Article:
“We said they should close their shops that day,” Sandi said. He said the shops that had remained open were those robbed.

The consensus is that the looting is initiated by experienced criminals, with some community members then taking advantage of the situation to raid shops further.

At a meeting of shop owners on 25 April Muhammad ‘Roni’ Masum called for residents to support the shopkeepers against criminals. “We cannot be defeated by a handful of tsotsis. This is a five-tsotsi zone: there are a few of them and hundreds of us!” Masum said, referring to the communities around the shops.

Uneasy

Yesterday shopkeepers watched anxiously from behind the metal grilles of their shopfronts, the shelves behind them emptied of stock.

“Sorry, we are closed,” they told residents who stopped to buy groceries or airtime.

A resident who didn’t want to be named (left) with Bulelwa Matshotyana. They came to buy groceries at Melisizwe Khan on Tuesday 15 May but found the shelves empty.

At one shop a taxi stopped and the conductor jumped out to buy a single loose cigarette – one of the small, fast-selling items that remained in the shop.

“They are just disturbing the foreigners now and then,” said Getahun Hazlu who employs a private security company to watch his back. His shop is in Sani Street close to the derelict Benjamin Mahlasela Secondary School.

“They’ve been saying for two days now there will be a strike. While this is going on I just have to stand here and wait. I can’t eat or anything. When is this thing going to be all right?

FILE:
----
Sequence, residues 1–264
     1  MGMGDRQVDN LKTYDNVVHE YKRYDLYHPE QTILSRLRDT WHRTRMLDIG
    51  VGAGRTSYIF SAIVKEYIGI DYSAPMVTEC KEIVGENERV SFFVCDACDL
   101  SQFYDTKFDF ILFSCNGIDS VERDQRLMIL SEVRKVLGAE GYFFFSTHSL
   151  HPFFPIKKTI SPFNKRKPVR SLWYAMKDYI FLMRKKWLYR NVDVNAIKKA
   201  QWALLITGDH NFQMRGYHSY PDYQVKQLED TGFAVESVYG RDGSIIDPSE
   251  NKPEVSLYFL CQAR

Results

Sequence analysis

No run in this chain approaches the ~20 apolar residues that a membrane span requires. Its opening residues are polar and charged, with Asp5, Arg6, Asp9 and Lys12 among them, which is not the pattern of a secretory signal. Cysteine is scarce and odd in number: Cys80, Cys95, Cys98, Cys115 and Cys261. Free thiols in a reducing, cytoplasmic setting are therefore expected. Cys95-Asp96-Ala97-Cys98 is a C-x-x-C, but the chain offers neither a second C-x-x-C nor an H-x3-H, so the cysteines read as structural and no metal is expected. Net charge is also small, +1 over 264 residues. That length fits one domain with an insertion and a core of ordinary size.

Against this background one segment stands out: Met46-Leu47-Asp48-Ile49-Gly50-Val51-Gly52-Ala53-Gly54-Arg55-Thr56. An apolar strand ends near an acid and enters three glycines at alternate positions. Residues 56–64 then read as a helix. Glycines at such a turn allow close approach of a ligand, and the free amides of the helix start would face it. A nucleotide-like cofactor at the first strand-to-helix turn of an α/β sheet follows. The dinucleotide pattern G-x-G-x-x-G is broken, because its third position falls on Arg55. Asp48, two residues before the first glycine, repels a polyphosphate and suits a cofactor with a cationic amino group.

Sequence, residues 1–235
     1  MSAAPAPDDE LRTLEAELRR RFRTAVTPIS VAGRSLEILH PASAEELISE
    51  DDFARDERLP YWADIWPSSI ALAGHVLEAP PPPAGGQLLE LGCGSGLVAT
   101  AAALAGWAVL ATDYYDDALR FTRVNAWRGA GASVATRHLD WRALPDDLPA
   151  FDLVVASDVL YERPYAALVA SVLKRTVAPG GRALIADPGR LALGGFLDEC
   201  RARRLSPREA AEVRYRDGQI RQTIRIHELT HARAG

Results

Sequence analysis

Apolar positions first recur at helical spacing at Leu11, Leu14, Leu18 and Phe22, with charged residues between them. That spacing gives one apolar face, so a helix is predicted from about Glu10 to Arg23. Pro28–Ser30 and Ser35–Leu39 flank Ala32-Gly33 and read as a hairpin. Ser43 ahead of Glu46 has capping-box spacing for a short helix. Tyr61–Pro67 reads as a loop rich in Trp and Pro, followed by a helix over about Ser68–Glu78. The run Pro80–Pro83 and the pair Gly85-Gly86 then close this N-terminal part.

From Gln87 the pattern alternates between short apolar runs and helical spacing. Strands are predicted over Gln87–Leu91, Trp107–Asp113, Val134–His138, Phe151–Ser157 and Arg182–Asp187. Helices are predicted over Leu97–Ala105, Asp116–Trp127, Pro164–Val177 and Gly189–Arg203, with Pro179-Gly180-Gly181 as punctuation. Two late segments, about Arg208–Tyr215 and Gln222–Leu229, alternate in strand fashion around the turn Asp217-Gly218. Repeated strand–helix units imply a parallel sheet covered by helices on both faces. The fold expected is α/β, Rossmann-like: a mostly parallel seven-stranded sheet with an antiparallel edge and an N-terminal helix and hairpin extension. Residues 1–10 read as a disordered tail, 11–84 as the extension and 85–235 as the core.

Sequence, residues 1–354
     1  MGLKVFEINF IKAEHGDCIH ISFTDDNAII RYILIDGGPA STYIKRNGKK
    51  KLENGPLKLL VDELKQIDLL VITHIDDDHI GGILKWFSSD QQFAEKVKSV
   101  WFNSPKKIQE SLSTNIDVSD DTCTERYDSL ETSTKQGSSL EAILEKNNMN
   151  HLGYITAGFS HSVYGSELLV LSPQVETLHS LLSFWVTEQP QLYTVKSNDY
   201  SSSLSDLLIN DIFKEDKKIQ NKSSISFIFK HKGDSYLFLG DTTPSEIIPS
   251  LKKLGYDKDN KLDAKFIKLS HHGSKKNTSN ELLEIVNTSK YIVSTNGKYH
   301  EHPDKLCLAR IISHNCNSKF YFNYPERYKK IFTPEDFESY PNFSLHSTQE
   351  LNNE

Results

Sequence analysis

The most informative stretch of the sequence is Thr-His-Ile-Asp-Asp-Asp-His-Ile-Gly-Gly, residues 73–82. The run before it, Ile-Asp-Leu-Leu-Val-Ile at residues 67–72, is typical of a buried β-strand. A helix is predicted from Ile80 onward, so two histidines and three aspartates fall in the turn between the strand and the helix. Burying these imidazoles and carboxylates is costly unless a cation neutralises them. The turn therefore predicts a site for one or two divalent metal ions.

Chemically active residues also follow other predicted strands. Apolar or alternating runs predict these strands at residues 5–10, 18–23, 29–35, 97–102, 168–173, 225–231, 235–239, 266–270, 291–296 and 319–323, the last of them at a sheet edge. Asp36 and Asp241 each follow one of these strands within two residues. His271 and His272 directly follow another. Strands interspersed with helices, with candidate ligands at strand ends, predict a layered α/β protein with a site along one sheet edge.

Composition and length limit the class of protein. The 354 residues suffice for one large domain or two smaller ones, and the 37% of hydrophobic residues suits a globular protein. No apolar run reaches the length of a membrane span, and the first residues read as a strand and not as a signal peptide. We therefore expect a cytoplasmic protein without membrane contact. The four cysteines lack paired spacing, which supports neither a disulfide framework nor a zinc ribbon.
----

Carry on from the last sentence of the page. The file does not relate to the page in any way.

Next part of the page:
Moosa Asbah at Gatyeni General Dealer in Extension 7. “The police came last night and advised us to remove our stock because of the strike rumours.” Photo: Sue Maclennan

Moosa Asbah at Gatyeni General Dealer in Extension 7 said they’d been warned to remove their stock the night before because of the strike rumours.

The police said they were aware of the rumours, but said the advice to shopkeepers to remove their stock had not come from them.

“The shop owners were uneasy [because of the rumours]but no notice was given from SAPS,” police spokesperson Captain Mali Govender said. No incidents of looting had been reported yesterday and there had also been no protest action.

Grocott’s Mail called several shop owners last night who confirmed there had been no incidents.

A delegation from SAPS along with municipal officials and civic organisations met yesterday with representatives of the taxi industry including Uncedo and Border Alliance taxi associations. Uncedo chairperson Monde Sandi confirmed this was a scheduled monthly Transport Forum meeting convened by the municipality and did not relate to any past or planned protest action.

According to a source who attended the meeting, the brief agenda included road humps in M Street, the overall state of Grahamstown’s roads and hitch-hiking spots in Beaufort Street and George Street.

Jonga Sidepha came to buy a loose cigarette on Teusday 15 May -and that was just about all Everready Tuckshop in Extension 7 could sell him.

Shop owners call for residents’ support